Mike Bates: Good afternoon and welcome to Your Turn on 1330AM WEBY, Northwest Florida’s Talk Radio. I am your host Mike Bates. This half hour we have two special guests in the studio. One is my regular host for Middle East Round Table discussions, Jerry Gordon with the New English Review and its blog, “the Iconoclast”. Welcome Jerry.
Jerry Gordon: Glad to be back Mike.
Bates: Also in the studios, but hopefully not for the last time, is Rabbi Samuel Waidenbaum with B’nai Israel synagogue in Pensacola. Welcome Rabbi Sam.
Rabbi Waidenbaum: Thank you very much Mike. Nice to be here.
Bates: I appreciate you coming in. So what brings you to Northwest Florida?
Waidenbaum It seems like there was a calling for a Rabbi at B’nai Israel Synagogue and I applied for it. Eventually we had a Skype interview. They liked what they saw. I liked what I saw, they interviewed me. I told them eventually that I was also interviewing them as well as a congregation. I guess I passed the test, they passed the test and we became an item. I am the Rabbi of this wonderful congregation.
Bates: So what was the long and winding road from being an Orthodox trained Rabbi from Brooklyn to being a Rabbi at B’nai Israel in Pensacola?
Waidenbaum: I have to tell you something. A Jew is a Jew is a Jew whether you are Orthodox or whether you are Conservative, whether you are a Reform or whether you are a Reconstructionist. It makes no difference. A Jew is a Jew is a Jew. My theory and my feelings always have been and still are today that you work for God, you don’t work for the people. You are doing God’s work but it is through the people. We are doing it through the people, getting them to a better place, making them understand what it is all about. I learned that, thank God, from my father, may he rest in peace. That is what he did and it seems like it just runs in the family. I picked up on that and I said do you know what? I like it. I don’t have to be in an Orthodox synagogue because in an Orthodox synagogue they know what to do. They know it already. They are Orthodox, they are Hasidic or they know it already. But when you wind up in a Conservative synagogue or an egalitarian synagogue it makes no difference where you can reach out to them and make them better Jews.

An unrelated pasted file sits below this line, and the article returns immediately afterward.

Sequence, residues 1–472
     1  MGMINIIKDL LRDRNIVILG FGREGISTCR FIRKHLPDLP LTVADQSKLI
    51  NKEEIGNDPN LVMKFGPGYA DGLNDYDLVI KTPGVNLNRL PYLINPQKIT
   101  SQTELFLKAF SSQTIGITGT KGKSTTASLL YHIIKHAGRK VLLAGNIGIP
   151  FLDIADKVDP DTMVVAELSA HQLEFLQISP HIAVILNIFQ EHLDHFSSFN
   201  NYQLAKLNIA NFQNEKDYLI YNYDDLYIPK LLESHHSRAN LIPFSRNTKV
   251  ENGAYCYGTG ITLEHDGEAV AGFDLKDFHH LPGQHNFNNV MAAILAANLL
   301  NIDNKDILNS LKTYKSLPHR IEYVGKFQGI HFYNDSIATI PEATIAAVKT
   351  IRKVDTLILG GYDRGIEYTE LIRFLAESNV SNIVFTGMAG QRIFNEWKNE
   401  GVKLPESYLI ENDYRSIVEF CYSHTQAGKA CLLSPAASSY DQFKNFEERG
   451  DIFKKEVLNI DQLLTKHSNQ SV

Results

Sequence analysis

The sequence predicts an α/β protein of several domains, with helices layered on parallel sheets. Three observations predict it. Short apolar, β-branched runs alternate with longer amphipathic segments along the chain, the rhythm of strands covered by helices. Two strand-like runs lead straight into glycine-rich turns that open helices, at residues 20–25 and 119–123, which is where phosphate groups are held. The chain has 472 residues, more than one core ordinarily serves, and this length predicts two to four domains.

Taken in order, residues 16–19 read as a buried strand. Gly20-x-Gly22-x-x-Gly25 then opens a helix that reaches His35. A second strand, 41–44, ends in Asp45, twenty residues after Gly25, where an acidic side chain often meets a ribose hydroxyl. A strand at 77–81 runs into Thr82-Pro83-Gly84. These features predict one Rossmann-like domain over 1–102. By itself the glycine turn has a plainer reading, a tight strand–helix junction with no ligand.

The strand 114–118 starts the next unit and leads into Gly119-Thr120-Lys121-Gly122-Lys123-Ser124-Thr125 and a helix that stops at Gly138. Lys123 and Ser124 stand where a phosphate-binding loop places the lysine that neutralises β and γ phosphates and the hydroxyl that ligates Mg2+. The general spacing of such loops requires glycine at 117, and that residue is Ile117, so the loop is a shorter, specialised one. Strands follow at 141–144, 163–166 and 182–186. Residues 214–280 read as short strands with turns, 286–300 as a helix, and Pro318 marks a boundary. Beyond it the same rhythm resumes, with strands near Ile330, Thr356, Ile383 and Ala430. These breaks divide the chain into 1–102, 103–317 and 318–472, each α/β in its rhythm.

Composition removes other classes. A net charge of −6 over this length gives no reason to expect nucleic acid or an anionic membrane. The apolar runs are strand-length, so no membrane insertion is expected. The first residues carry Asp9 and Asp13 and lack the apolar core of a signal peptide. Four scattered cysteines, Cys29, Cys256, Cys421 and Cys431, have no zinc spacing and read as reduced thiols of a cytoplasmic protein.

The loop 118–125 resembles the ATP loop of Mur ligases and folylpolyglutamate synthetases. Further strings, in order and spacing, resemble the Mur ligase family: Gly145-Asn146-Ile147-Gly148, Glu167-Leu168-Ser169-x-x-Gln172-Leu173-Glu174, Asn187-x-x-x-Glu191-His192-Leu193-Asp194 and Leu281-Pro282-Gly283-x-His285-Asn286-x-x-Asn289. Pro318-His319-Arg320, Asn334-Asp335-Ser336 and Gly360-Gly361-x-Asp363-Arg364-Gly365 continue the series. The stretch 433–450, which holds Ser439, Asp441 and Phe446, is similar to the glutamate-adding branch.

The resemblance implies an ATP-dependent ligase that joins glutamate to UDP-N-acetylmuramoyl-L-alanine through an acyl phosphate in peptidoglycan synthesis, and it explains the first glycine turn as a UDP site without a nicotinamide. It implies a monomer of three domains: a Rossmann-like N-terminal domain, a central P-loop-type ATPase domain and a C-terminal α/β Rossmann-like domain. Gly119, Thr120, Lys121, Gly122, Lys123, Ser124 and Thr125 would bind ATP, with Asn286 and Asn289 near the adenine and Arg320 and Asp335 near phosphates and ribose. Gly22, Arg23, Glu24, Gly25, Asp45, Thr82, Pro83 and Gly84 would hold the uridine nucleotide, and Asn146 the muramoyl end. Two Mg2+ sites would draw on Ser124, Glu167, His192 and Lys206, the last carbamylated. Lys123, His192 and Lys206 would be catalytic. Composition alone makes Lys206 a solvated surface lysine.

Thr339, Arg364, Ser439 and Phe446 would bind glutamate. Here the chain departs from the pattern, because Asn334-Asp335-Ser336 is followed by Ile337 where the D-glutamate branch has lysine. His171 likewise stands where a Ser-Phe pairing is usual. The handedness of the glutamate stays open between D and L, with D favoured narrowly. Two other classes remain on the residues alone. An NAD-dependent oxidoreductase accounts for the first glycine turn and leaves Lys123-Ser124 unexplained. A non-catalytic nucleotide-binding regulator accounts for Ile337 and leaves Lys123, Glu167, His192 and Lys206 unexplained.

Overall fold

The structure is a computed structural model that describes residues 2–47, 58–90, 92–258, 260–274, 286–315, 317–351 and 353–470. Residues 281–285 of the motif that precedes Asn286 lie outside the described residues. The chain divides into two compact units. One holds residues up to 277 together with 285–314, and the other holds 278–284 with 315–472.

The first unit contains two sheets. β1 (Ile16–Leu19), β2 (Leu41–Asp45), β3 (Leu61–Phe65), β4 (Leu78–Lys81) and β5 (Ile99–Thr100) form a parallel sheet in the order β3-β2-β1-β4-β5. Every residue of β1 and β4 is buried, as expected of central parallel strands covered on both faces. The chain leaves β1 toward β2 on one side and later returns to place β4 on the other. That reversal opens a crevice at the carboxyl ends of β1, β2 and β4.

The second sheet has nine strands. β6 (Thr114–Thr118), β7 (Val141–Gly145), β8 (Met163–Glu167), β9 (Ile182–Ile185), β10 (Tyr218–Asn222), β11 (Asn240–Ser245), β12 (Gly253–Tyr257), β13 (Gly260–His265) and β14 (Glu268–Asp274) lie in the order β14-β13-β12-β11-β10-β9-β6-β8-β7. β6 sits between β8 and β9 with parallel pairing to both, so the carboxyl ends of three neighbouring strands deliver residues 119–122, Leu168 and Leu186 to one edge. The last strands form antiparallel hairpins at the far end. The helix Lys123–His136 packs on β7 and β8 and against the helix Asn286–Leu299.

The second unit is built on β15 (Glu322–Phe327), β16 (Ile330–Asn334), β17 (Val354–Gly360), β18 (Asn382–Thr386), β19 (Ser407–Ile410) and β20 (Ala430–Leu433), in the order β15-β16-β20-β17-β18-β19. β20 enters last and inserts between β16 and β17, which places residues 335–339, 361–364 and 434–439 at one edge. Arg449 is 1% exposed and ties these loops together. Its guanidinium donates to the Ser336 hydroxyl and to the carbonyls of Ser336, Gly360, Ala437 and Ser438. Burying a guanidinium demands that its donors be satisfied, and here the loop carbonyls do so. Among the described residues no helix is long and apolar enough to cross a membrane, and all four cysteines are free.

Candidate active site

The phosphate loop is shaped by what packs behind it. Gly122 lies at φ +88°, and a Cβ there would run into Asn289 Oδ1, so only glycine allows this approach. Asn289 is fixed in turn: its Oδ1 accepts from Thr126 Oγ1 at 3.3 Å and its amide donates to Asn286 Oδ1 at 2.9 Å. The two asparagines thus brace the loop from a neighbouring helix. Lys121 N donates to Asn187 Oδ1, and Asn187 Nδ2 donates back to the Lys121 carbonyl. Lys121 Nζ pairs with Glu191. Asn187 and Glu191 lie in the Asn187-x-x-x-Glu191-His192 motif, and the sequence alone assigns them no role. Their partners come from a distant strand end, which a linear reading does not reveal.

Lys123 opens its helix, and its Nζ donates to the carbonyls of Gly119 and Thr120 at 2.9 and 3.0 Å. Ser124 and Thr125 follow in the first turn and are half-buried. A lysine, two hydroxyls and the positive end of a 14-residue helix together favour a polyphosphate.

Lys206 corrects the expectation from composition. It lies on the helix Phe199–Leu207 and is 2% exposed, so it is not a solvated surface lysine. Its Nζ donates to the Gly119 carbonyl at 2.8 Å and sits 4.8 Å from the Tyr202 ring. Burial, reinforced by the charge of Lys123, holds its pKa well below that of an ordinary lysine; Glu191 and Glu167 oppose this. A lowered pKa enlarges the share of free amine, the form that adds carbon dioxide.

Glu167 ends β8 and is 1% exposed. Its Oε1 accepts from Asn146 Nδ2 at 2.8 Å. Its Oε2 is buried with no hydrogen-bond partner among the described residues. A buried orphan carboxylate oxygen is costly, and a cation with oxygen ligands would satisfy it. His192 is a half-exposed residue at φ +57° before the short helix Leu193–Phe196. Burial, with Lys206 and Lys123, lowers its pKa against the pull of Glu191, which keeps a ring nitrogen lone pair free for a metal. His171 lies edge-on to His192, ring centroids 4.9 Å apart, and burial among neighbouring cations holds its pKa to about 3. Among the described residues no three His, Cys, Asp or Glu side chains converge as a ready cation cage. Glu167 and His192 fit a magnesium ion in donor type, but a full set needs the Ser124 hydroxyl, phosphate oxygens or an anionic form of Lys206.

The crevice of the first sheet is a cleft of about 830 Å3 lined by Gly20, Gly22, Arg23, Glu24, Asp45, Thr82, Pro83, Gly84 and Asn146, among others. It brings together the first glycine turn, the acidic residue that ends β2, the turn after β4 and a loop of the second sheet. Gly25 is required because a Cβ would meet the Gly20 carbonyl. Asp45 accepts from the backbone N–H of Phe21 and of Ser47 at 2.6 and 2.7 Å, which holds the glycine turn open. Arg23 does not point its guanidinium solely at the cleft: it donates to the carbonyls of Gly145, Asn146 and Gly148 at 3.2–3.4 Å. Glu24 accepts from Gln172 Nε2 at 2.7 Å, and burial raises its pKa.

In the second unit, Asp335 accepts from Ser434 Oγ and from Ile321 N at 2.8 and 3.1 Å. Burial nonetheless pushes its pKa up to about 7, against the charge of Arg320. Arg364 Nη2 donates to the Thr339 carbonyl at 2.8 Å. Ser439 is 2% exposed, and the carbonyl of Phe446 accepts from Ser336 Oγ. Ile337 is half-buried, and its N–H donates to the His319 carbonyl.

Gordon: You are no stranger to the Gulf Coast Rabbi Waidenbaum having spent five years at a program over in New Orleans. What was that like?
Waidenbaum: Well over there I was not the Rabbi, although I was already ordained, but I was the Cantor there in New Orleans. It was an easier job and that is where I also learned to play tennis by the way.
Gordon: That’s amazing.
Gordon: So you became a tennis addict (or advocate)?
Waidenbaum: Yes sir.
Gordon That means you watch the U.S. Open.
Waidenbaum: Yes I do. Thank you.
Mike: You mentioned Rabbi Sam that a Jew is a Jew is a Jew whether you are Orthodox, whether you are Conservative, whether you are a Reform and there are even more sub-sects of Judaism. In your travels there would have to be some differences or they wouldn’t give themselves different labels. What have you seen as you have traveled throughout your path as a Rabbi in various congregations that you have either attended or led?